The invention also includes a method of cleaning a thermal print head and using the thermal print head to print in cooperation with a platen to print on a web. The method comprises providing a web having a cleaner and a printable area, threading the web between the print head and the platen so that the printable area is upstream of the cleaner, advancing the web to bring the cleaner into cooperation with the print head to clean the print head, and further advancing the web and printing on the printable area only after the print head has been cleaned by the cleaner. The cleaner is preferably disposed between a protective outer wrap of the web and a printable area. The method preferably includes separating the outer wrap from the remainder of the web.
It is also a feature of the invention to provide that the laterally extending perforation cuts are comprised of elongated cuts separated by intervening lands, wherein the elongate Cuts and lands of alternate lines of perforation are staggered so that the lands of one line of perforation cuts are longitudinally aligned with elongate cuts of the adjacent lines of perforation cuts.
It is also a feature of the invention to stagger the embossments so that the embossments of one line are longitudinally aligned with embossments of the adjacent lines.
FIG. 1 is a perspective view of a web roll embodying the invention;
FIG. 2 is a perspective view of the web roll showing a partially unraveled portion;
FIG. 3 is an enlarged top plan view of a portion of the web shown in FIG. 2;
FIG. 4 is an enlarged view taken along line 4--4 of FIG. 3 showing the manner in which a perforation cut roughens the surface of the web;
FIG. 5 is an enlarged sectional view taken generally along line 5--5 of FIG. 3;
FIG. 6 is a diagrammatic perspective view showing use of the web in a thermal printer;
FIG. 7 is a top plan view similar to FIG. 3, but showing an alternative embodiment of a portion of the web, wherein embossments have been made in the web;
FIG. 8 is a sectional view taken along line 8--8 of FIG. 7; and
FIG. 9 is a view similar to FIG. 3, but showing yet another embodiment, wherein the surface of the web has been roughened by stressing the web to cause strain in the web.
With reference to FIG. 1, there is shown a web 10 which has been wound into a roll R. The roll R is shown to have a core 11. The web 10 terminates at an outer terminal free end 12. The web 10 on the roll R has an outer protective wrap 13.
With reference to FIG. 2, the outer wrap 13 is shown to be free of any marks or perforation cuts. The outer wrap 13 is protective in that it keeps the remainder of the web 10 clean. The outer wrap 13 is shown to terminate at a line indicated at 15 which marks the beginning of the adjacent wrap. The length of the outer wrap 13 is, of course, dependent upon the diameter of the roll R. The web 10 also has a tear line 16 extending laterally across the web 10. There are printed instructions 14 such as "TEAR HERE" printed adjacent the tear line 16 so that the user will readily know where to tear off the outer wrap 13 plus preferably a little bit more. In accordance with one embodiment of the invention, a cleaner C is provided by a plurality of closely longitudinally spaced lateral lines of perforation cuts 17 in the web 10. The cuts 17 comprise a cleaner C which is upstream of the outer wrap 13. The first or leading label L1 capable of being printed starts at line 18'. The second and subsequent labels are indicated at L2.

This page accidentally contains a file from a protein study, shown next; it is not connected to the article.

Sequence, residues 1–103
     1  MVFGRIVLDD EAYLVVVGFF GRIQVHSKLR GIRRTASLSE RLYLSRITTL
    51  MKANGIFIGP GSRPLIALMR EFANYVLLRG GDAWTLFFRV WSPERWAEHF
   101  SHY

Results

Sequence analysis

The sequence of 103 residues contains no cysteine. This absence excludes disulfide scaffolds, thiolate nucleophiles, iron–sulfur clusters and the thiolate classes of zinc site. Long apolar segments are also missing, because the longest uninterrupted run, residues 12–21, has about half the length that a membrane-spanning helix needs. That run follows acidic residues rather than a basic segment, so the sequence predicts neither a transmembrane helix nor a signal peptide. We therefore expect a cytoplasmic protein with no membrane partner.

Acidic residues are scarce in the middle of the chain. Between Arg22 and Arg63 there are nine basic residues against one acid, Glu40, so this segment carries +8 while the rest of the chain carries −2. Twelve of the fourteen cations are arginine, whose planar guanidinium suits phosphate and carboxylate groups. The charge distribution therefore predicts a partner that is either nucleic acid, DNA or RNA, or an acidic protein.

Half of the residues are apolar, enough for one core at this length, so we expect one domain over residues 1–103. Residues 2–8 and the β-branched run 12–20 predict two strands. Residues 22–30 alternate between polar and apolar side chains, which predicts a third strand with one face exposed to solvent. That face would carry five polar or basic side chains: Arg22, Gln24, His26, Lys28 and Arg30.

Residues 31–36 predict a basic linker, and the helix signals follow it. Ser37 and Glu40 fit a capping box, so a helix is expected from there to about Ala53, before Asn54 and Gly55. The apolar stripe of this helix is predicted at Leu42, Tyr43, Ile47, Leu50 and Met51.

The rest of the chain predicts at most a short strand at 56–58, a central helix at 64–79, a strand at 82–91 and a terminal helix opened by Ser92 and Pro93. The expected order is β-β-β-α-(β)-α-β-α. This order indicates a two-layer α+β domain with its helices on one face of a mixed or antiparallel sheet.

FIG. 3 shows a portion of the adjacent wrap in greater detail. It is seen that the perforation cuts 17 are provided by knife cuts 18 spaced apart by lands 19. The perforation cuts 17 are made along closely spaced parallel lines extending laterally across the web 10.
The labels L1 and L2 are defined by perforation cuts 20 extending laterally across the web 10 at equally longitudinally spaced intervals. The labels L1 and L2 are considered to be connected at the perforation cuts 20. The labels L1 and L2 are considered to be upstream of the cleaner C.
FIG. 4 illustrates a perforation cut 18. As shown, the material forming the web has been cammed apart, and indeed, the adjacent material 20' is compressed and there is some protrusion or bunching up of the material as indicated at 20". This provides localized hardness of the web material adjacent the knife cut 18, and constitutes increased friction and surface roughness. This results in cleaning action against the print head 27 as the web 20 moves relative to the print head 27.